Using Use Cases in Code

Want to blow the minds of your fellow developers with a powerful technique in software development that almost nobody is using? Then please read on.

I am not exaggerating; in my 25 years in software development, I have seen almost no developer do this. I admit this could be an aberration of my limited experience. However, I think that there is something to be had here.

I am talking about using Use Cases classes in source code.

Last time, in The Case for Using Use Cases in Code, I laid out the claim for why developers should be using them.

Today we’ll get our hands dirty; We’ll look at the code for a use case class, RegisterCustomerUseCase. As its name suggests, the underlying business requirement is the common one of registering new customers in a system.

We’ll see how this use case class plugs into a Web API project. And I’ll explain how we could readily plug it into another type of application project, say a console app project.

Example: Registering a new Customer

WHAT might the business requirements be for registering a new customer?

Let’s assume

  1. We need customer first name, last name and email address.
  2. The email address must not be already in the system.
  3. Assign the new customer an independent identifier,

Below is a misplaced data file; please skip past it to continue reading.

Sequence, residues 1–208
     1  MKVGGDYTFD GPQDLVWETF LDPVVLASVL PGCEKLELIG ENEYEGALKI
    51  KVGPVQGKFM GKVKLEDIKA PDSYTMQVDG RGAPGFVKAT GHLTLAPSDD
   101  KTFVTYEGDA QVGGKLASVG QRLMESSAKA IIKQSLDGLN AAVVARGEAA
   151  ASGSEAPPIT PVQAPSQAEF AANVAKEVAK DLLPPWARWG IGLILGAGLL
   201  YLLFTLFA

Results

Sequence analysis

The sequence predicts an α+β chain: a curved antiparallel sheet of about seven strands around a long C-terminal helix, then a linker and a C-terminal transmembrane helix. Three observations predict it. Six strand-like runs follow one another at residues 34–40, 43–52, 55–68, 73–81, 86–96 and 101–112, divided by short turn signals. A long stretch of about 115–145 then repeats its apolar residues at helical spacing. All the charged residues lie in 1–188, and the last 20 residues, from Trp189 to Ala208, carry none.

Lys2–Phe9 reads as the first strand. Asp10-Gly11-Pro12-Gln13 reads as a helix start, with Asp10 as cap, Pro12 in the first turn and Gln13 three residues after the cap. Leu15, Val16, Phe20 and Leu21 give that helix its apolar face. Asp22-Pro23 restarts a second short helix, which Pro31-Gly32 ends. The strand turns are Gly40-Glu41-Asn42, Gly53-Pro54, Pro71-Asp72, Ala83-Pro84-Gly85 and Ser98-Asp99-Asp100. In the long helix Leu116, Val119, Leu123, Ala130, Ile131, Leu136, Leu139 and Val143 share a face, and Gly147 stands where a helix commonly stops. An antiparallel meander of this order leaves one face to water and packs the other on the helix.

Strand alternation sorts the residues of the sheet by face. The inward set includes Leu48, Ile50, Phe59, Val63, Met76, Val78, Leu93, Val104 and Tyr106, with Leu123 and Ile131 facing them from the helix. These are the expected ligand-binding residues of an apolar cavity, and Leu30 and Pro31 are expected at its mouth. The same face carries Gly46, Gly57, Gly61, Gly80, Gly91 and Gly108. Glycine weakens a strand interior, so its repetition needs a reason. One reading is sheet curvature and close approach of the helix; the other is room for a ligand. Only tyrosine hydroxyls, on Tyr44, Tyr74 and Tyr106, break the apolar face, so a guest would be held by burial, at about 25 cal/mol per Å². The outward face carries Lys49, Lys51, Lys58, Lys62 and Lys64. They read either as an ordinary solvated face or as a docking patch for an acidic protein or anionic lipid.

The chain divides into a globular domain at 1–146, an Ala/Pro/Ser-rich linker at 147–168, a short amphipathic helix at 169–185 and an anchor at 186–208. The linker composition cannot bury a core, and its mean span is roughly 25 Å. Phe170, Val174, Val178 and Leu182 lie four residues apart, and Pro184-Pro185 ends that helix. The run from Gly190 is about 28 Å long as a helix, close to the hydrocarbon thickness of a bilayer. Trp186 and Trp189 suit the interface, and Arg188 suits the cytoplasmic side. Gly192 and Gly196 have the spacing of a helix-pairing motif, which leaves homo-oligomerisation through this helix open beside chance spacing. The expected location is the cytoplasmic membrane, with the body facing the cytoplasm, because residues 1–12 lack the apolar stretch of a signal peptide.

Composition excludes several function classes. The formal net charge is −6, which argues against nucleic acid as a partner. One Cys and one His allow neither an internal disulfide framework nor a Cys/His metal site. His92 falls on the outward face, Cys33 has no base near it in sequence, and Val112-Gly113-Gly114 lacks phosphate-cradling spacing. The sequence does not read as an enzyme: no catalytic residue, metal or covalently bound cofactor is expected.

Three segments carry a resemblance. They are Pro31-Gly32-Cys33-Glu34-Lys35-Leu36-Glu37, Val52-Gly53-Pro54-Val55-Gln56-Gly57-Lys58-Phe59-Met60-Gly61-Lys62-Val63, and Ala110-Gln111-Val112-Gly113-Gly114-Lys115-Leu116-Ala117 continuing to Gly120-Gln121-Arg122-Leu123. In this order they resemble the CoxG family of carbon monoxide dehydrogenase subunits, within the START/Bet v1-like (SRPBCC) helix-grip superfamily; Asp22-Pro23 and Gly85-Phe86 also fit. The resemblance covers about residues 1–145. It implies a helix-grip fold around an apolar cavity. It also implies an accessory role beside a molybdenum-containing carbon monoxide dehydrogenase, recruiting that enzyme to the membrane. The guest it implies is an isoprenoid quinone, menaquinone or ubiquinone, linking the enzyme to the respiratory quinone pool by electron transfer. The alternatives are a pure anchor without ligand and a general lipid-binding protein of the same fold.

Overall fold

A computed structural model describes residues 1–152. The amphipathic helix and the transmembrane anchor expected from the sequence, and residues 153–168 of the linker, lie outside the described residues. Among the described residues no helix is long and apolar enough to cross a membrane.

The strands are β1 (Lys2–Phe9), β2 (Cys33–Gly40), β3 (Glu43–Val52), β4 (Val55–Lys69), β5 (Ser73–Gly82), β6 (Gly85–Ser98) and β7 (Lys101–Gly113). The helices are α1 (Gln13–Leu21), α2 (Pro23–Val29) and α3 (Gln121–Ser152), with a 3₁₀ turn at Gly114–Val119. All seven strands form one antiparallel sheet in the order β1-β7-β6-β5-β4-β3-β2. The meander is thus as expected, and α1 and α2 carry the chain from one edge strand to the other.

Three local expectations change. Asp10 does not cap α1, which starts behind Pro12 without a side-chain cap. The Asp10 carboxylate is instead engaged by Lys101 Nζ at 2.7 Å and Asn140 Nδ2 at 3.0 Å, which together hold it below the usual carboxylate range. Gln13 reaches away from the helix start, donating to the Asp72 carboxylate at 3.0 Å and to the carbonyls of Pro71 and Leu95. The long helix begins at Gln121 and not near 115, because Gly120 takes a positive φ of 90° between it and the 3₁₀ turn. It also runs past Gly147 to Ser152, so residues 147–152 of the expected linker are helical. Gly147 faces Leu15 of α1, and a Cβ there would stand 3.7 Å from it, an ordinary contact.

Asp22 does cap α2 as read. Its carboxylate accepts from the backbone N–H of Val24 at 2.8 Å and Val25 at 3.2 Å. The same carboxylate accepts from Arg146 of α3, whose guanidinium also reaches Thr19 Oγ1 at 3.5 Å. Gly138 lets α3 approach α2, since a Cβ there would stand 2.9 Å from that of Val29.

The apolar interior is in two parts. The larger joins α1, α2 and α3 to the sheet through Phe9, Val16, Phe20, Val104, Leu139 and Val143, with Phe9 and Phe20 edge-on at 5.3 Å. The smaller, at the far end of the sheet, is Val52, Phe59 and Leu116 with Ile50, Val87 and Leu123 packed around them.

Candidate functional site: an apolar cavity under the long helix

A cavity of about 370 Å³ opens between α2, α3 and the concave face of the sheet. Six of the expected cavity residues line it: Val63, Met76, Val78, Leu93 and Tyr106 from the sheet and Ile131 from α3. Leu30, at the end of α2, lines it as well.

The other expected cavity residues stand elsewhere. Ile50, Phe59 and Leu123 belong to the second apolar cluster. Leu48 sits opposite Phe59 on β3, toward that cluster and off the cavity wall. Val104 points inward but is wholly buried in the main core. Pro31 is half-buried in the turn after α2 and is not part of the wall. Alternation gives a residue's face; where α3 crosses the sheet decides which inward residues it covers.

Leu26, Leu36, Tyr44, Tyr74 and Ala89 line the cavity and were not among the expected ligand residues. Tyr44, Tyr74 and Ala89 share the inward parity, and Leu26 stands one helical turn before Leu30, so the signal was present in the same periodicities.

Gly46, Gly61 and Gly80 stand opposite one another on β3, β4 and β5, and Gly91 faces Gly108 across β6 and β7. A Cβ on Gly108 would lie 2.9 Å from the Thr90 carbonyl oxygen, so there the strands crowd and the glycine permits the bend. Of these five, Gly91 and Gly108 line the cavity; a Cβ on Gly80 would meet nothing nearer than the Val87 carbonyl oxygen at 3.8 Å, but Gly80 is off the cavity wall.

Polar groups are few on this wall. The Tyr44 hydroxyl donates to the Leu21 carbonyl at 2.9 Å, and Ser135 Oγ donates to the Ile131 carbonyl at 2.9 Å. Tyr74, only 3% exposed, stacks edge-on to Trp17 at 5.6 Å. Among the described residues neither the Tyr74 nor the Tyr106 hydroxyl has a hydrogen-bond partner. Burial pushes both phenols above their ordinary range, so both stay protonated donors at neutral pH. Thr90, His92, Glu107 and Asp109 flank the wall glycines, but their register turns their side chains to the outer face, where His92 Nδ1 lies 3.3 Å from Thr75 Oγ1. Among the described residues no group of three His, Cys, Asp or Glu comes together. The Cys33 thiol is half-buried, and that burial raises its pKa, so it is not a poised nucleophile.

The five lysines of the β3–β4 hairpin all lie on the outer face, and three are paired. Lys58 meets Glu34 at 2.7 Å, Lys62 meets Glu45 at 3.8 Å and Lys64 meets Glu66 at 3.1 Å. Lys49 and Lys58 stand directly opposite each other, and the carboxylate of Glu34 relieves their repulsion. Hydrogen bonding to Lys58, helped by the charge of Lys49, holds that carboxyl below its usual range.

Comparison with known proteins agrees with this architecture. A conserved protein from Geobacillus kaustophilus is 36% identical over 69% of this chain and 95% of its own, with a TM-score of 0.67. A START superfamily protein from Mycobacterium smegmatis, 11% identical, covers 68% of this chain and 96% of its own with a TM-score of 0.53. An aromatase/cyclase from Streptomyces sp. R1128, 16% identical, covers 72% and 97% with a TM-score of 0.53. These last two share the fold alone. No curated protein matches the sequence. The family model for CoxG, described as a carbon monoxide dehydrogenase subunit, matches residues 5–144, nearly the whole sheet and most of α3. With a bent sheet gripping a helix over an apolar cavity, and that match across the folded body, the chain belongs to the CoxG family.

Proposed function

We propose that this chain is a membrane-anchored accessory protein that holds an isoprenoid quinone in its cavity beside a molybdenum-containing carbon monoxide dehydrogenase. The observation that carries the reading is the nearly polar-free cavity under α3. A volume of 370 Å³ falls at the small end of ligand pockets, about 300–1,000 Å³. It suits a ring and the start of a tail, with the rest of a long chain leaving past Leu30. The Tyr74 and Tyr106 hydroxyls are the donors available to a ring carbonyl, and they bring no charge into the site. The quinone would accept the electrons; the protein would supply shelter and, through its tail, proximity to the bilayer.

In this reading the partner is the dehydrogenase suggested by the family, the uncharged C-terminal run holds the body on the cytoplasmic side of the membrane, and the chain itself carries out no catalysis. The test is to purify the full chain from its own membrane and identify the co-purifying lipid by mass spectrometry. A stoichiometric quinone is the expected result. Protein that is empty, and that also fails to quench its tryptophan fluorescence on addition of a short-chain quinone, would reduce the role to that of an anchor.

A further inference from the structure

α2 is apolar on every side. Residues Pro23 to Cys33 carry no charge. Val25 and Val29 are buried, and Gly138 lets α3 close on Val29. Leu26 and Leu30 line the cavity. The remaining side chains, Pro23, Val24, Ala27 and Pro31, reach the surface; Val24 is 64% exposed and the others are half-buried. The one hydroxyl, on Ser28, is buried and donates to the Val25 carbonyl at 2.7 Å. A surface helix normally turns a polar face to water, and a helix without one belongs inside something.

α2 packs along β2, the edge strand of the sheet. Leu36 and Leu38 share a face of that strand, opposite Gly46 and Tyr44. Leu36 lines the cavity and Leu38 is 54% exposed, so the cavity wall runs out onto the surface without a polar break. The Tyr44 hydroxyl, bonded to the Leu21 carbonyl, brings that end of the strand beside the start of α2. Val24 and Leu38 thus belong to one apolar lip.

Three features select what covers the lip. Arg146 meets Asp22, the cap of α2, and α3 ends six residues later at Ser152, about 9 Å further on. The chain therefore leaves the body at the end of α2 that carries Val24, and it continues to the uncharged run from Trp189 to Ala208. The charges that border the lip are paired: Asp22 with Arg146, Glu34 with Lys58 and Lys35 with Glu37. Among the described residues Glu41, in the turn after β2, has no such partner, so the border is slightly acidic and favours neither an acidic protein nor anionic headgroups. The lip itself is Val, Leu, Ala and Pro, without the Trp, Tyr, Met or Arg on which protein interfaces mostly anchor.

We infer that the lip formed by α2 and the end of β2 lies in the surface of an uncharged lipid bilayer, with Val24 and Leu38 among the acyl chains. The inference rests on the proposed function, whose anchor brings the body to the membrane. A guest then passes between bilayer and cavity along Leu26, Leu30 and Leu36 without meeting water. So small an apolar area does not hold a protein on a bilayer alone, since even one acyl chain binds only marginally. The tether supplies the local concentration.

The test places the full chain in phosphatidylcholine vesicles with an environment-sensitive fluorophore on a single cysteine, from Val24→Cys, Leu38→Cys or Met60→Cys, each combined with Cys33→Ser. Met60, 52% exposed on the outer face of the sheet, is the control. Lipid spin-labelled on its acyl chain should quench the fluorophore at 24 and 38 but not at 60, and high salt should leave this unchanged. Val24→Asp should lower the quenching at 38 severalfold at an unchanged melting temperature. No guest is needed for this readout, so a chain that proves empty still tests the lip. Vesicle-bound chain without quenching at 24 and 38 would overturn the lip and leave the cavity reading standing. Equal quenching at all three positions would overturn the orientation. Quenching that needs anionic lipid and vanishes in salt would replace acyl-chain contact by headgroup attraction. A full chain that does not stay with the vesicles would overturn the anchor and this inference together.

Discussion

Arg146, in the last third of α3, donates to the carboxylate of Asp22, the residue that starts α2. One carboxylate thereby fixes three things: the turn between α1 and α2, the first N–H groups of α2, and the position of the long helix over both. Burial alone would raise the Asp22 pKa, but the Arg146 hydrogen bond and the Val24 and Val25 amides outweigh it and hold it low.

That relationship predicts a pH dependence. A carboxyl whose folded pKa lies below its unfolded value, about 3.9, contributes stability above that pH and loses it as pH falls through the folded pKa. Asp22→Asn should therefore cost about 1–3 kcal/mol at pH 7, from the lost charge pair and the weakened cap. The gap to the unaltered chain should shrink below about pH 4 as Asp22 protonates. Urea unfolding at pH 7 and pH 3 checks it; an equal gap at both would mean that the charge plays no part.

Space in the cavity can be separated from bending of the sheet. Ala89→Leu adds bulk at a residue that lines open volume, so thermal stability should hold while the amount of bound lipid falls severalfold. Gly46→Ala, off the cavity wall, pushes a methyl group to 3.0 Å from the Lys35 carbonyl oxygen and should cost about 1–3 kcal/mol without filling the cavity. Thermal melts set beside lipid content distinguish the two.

4. Save the customer in the system.

OK, so HOW might these business requirements be fulfilled?

  • Say, the Business Owner has decided to expose this functionality via a web API so multiple different clients can consume it; for example, a mobile app or a web application.

Ideally, in code, these two separate requirements, the WHAT and the HOW are also kept separate. In our example, the RegisterCustomerUseCase, below, addresses the WHAT component.

Note: The companion code is on GitHub. (Unit tests verifying the use case and web API behaviour are included.)

Disclaimer: I love C#. Therefore most of my code examples are in C#. With minor language-specific modifications, most if not all of the shown C# code will also apply to other object-oriented languages like Java & C++.

Business Logic

Below is the listing of the RegisterCustomerUseCase class:

As you can see, the high-level work happens in the use case’s public Register() method. The code is so simple, it can (almost) be read and understood by a layperson:

  1. Basic Validation — Validate the CustomerRegistration input data. Checks that it’s not null. Further validation delegated to CustomerRegistration — validates the presence of first name, last name and email address.
  2. Advanced Validation — Try to retrieve customer by email address from customer repository (i.e. database). If a customer with the given email address already exists, then throw an exception. (Learn when and how to use runtime exceptions here and here.)